ANAHEIM, Calif. - David Ortiz believes his power swing is all the way back. After a big finish in the Home Run Derby, Boston's beloved slugger has a trophy to prove it.
Big Papi won his first derby title Monday night, hitting 11 homers in the final round to beat Florida’s Hanley Ramirez at Angel Stadium.
Showing plenty of potency in the fierce swing that once made him one of the majors’ most feared hitters, the Red Sox star put a relentless series of drives into the elevated stands above the right-field wall.
With Yankees bench coach Tony Peña crossing rivalry lines to feed fastballs straight into his wheelhouse, Ortiz hit 21 homers in the first two rounds of his fourth derby before holding off Ramirez to emerge from a field missing most of baseball’s top power hitters.
“This is my fourth time, so I just kind of used the experience,” Ortiz said. “I wanted to come here and make sure the fans enjoy what we do.”
Ortiz triumphantly held up the trophy featuring two crossed bats. He dedicated his performance to former major league pitcher Jose Lima, a Dominican Republic native who passed away in May after paramedics found him in cardiac arrest at his Southern California home.
Ramirez, Ortiz’s fellow Dominican slugger and former Boston teammate, matched Papi’s 21 homers in the first two rounds, pulling most of his shots over the left-field wall. But Ortiz became just the second slugger to reach double digits in the final round, while Ramirez managed only five.
“It’s good for him,” Ramirez said. “He’s been through a tough time. I know he’s going to come back in the second half.”
Ortiz reached the derby semifinals in 2005 and 2006, but hadn’t been back in the field since.
His entire career was on the skids after he struggled in 2009 and again in April, but Boston’s longtime star is back on his game with 18 homers and 57 RBI this season, earning his sixth All-Star berth.
“I’ve been dealing with so many things the past few years,” Ortiz said. “Coming back here (to another All-Star Game), I want to thank the players for giving me the opportunity to be here. This is a job that we have, but it’s called a game. That’s what I try to do during the season – have fun with my teammates and make sure everything goes the right way.”
Milwaukee’s Corey Hart and Detroit slugger Miguel Cabrera were eliminated in the second round, with Hart failing to connect after hitting 13 in the opening round and then waiting about 90 minutes for his second crack. Ortiz finished with 13 in the second round after getting off to a fast start.
Ortiz gave ample credit to Peña’s pitching after he coolly outslugged his younger competitors.
“Whenever we played the Yankees, I saw (Peña) throw batting practice,” Ortiz said. “As soon as I found out he was going to be here, I said to him, ‘Hey, Tony, can you pitch to me?’ And he said, ‘Fine. It’s not a problem. I’m going to throw to (Nick) Swisher, but I can throw to you, too.’ It’s the Home Run Derby, and we’re here for the fans to have fun. It’s not a Yankees and Boston kind of situation, so let’s do it.”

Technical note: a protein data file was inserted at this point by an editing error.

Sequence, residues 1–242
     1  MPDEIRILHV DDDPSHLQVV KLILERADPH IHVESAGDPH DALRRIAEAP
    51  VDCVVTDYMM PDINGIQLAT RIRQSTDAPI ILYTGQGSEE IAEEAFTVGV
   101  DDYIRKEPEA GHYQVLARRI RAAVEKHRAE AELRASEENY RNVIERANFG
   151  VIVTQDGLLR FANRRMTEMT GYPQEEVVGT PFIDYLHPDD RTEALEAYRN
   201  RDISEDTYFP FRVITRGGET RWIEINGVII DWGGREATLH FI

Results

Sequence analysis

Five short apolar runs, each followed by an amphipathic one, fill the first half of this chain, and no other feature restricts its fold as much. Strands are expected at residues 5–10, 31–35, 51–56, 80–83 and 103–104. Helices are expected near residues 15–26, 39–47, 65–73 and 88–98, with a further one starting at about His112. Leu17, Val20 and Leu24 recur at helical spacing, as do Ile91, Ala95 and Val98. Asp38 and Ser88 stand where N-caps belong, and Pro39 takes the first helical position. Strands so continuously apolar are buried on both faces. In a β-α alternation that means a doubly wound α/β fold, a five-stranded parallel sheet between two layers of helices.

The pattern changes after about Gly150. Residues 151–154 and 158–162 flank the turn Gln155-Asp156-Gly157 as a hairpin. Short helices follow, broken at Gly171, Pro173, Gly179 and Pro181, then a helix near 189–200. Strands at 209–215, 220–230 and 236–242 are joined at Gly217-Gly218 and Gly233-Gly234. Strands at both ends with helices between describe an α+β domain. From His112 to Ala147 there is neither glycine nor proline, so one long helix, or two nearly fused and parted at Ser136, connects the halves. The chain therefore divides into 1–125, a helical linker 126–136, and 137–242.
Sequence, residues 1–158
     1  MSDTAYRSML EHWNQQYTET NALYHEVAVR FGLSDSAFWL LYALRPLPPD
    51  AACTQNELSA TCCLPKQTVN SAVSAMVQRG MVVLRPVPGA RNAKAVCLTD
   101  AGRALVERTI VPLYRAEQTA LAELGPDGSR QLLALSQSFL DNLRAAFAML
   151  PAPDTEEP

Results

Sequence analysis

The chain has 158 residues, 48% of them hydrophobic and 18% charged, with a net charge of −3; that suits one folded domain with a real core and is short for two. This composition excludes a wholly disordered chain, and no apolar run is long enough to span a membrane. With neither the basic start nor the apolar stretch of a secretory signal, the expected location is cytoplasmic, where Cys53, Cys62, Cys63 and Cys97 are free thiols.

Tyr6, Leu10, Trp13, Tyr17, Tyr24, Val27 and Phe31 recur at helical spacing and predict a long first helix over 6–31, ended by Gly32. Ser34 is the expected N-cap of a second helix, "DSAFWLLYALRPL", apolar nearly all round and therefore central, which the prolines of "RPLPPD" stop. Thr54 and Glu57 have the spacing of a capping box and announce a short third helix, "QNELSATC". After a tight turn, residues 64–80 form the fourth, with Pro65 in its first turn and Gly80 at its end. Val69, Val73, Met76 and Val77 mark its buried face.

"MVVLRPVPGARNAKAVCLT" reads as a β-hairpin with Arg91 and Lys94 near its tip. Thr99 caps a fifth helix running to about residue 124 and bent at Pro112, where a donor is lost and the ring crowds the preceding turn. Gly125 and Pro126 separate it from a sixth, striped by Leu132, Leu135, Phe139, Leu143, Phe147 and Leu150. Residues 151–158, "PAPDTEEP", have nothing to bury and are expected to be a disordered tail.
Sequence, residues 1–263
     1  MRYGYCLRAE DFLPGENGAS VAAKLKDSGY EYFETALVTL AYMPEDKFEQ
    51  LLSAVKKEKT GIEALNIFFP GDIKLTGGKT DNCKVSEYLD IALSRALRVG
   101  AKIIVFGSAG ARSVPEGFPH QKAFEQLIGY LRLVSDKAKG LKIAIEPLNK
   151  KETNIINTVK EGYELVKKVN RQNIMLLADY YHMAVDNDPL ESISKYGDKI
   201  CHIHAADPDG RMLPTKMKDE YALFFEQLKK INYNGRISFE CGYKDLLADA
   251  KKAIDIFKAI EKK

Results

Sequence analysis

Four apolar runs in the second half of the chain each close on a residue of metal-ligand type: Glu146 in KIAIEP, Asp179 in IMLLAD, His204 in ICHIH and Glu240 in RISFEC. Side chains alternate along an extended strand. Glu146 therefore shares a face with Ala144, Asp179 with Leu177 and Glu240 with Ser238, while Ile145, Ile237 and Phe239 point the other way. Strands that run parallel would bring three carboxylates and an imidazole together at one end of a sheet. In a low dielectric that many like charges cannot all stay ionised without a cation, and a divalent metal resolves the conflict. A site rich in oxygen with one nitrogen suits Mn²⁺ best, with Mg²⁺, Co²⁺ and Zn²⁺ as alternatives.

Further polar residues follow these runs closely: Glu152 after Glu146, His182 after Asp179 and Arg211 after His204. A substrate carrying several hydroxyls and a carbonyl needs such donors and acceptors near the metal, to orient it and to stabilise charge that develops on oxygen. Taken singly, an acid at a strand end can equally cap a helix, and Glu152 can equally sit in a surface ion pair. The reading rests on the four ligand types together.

The derby field wasn’t exactly a murderers’ row, featuring five first-time competitors and no returning champions.
Ryan Howard, Albert Pujols, Alex Rodriguez and defending champion Prince Fielder all sat out. So did major league homers leader Jose Bautista, NL co-leaders Adam Dunn and Joey Votto, and Texas’ Josh Hamilton, who hit 28 homers in a single round at Yankee Stadium two years ago.
Still, eight sluggers took aim at the artificial rock pile, moss and trees behind the center-field wall at Angel Stadium, the long-standing Orange County park that underwent a thorough renovation in recent years.
The Anaheim crowd booed Ortiz during pregame introductions, still remembering several years of postseason clashes between his Red Sox and the Los Angeles Angels. But Ortiz hadn’t homered at Angel Stadium since hitting a shot during the 2007 AL division series.
Ortiz hit eight homers in the opening round, which included plateside delivery of a towel and a refreshing drink from laughing Tampa Bay closer Rafael Soriano.
Ortiz, who has been known for goofing around during the derby silliness in recent years, gave a towel break during the final round to Ramirez, who he said is “like a son to me.”
Ramirez was traded to Florida when the Red Sox acquired ace Josh Beckett and Mike Lowell.
“Of course, I wish Hanley would be playing on our team, like he was supposed to be, but there are things we can’t control,” Ortiz said. “The move that the Red Sox made was good for both sides.”
Ortiz took control of the last round with consecutive homers on his first four swings. Ramirez couldn’t catch up, hitting three straight before ending it by making outs on six of his last seven swings.
Hart highlighted the first round with six homers on his first eight swings. He had 11 on his first 15 whacks against Sandy Guerrero, the Nashville Sounds’ hitting coach.
St. Louis’ Matt Holliday, the Yankees’ Swisher, Toronto’s Vernon Wells and Arizona’s Chris Young didn’t escape the first round.
DID YOU KNOW?
Boston Red Sox slugger David Ortiz was in the Seattle Mariners’ farm system from 1994-96.
Then known as David Arias, he was signed as an undrafted free agent by Seattle in 1992. He was traded to Minnesota in 1996 to complete the trade for third baseman Dave Hollins. He told the Twins he preferred to be known as David Ortiz, not David Arias.